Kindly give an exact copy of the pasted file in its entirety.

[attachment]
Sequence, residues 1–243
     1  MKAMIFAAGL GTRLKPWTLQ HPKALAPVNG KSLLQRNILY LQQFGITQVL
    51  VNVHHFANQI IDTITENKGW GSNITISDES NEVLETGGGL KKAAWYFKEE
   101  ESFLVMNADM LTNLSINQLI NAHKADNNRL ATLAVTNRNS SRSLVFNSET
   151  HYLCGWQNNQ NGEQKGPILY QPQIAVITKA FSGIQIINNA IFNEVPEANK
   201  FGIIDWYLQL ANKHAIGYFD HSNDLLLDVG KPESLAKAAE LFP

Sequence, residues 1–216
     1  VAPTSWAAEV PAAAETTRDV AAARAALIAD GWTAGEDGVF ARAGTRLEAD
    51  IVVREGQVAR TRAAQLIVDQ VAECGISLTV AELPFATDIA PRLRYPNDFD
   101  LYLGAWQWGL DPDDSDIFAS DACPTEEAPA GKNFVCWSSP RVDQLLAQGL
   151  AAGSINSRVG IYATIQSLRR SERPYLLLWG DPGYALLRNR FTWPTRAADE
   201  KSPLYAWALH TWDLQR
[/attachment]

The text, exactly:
Sequence, residues 1–243
     1  MKAMIFAAGL GTRLKPWTLQ HPKALAPVNG KSLLQRNILY LQQFGITQVL
    51  VNVHHFANQI IDTITENKGW GSNITISDES NEVLETGGGL KKAAWYFKEE
   101  ESFLVMNADM LTNLSINQLI NAHKADNNRL ATLAVTNRNS SRSLVFNSET
   151  HYLCGWQNNQ NGEQKGPILY QPQIAVITKA FSGIQIINNA IFNEVPEANK
   201  FGIIDWYLQL ANKHAIGYFD HSNDLLLDVG KPESLAKAAE LFP

Sequence, residues 1–216
     1  VAPTSWAAEV PAAAETTRDV AAARAALIAD GWTAGEDGVF ARAGTRLEAD
    51  IVVREGQVAR TRAAQLIVDQ VAECGISLTV AELPFATDIA PRLRYPNDFD
   101  LYLGAWQWGL DPDDSDIFAS DACPTEEAPA GKNFVCWSSP RVDQLLAQGL
   151  AAGSINSRVG IYATIQSLRR SERPYLLLWG DPGYALLRNR FTWPTRAADE
   201  KSPLYAWALH TWDLQR